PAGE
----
Despite a career in uniform, Spaulding will admit that he always wanted to be a teacher and a coach. His educational background was in athletics and kinesiology, or “how the body works.” These tools of knowledge and experience have informed the evolution of the Handgun Combatives curriculum. Like all the best instructors, you can’t stump Spaulding with questions about why he does something, and he practices what he preaches. His request of students is simply to try his techniques during the class and keep what they like. (“When in Rome,” right?) His mission is to help students prevail in a deadly armed encounter. Not just survive, but prevail! That requires both a combative mindset, i.e., a willingness to fight, and the skill required to win.
I’d taken several two-day Handgun Combatives courses in the past, and I was excited about the opportunity for an extended three-day lesson. The host for the event was a range complex called the Crucible (team-crucible.com) near Fredericksburg, Virginia. Established in 1993, the Crucible has long been a go-to destination for the Department of Defense and other government agencies to receive specialized instruction in high-risk activities such as hand-to-hand combat, firearms training and high-speed driving. The complex has only recently started hosting open-enrollment classes, but I’m already looking forward to going back. They have a great cadre on staff, several of who even shot alongside me in Spaulding’s class.
The best way to sum up training would be sweat, smoke and spent brass. Temperatures were in the high 90s with equally high humidity — and we shot a lot. I was running the new Rock Island Armory STK100 (armscor.com, $600), so be sure to see its review in the November 2021 issue of Guns & Ammo. I trained from the appendix carry (AIWB) position using a Tier 1 Concealed MSP Pro Series holster and magazine pouch (tier1concealed.com, $160) for realism. The course content focused on firearm handling skills such as working from the holster, conducting reloads and clearing malfunctions. We also worked on shooting and moving, and stress was introduced thanks to a shot timer and Spaulding’s personal attention. Emphasis was placed on accuracy and repeatability: Are my sights on the target? Did the shot hit where I aimed? Did my sights return to target? Did I reset the trigger during recoil? Again and again.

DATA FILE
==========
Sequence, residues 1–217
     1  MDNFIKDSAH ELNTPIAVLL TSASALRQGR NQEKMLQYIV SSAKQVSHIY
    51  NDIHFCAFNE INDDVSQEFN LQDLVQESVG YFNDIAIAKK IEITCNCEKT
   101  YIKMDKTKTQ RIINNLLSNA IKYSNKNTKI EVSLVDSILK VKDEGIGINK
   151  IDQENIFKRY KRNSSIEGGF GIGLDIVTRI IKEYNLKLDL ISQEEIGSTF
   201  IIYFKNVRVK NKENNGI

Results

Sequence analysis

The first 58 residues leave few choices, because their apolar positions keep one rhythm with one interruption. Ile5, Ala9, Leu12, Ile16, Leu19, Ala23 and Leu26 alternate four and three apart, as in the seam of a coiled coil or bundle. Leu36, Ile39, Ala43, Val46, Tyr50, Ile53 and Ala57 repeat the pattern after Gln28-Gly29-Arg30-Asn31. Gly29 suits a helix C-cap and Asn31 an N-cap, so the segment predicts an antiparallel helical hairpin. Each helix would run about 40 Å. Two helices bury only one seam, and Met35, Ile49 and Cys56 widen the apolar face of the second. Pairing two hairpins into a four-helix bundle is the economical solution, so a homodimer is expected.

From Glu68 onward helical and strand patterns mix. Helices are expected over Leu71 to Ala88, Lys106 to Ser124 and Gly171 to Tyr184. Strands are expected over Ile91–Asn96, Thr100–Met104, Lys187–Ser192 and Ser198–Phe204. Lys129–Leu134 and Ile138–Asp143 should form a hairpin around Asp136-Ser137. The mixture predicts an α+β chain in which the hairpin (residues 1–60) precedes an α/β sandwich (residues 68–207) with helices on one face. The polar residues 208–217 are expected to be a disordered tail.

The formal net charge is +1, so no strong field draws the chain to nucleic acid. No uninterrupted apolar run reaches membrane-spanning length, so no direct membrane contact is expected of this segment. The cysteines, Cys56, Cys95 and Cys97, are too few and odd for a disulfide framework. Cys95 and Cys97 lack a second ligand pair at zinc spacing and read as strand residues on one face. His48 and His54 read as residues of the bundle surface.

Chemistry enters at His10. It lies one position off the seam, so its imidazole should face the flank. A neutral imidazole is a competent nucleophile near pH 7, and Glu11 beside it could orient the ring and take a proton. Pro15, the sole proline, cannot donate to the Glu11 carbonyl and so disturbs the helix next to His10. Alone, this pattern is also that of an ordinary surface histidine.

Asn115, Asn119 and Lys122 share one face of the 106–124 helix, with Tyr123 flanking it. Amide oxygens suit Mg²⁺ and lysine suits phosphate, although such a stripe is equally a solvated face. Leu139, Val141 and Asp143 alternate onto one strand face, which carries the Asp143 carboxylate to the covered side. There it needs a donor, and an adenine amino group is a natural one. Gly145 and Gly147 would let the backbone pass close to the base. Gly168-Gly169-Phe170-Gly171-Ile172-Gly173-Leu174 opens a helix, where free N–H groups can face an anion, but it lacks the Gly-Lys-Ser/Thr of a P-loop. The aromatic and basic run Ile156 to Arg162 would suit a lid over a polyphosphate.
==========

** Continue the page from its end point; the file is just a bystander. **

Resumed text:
We even conducted demonstrations meant to test our skills, including conducting those practiced manipulations with our hands and guns covered in baby oil to simulate the slippery effects of mud or blood. I’ll admit though, after three days in the heat with the gun carried AIWB, I’m not sure that I could tell the oil from the sweat. That long weekend was a real test for shooters and their gear alike.
As intended, I shot all of Remington’s ammunition during the class and the subsequent evaluation of the STK100. Accuracy results are tabulated below, and I’m happy to report that the ammunition ran with excellent reliability. There was only a single stoppage, which was apparently caused by a bad primer in one of the UMC 115-gr. FMJ cartridges. One out of 1,600 rounds is not a bad performance. Remington, you’ve made a believer out of me.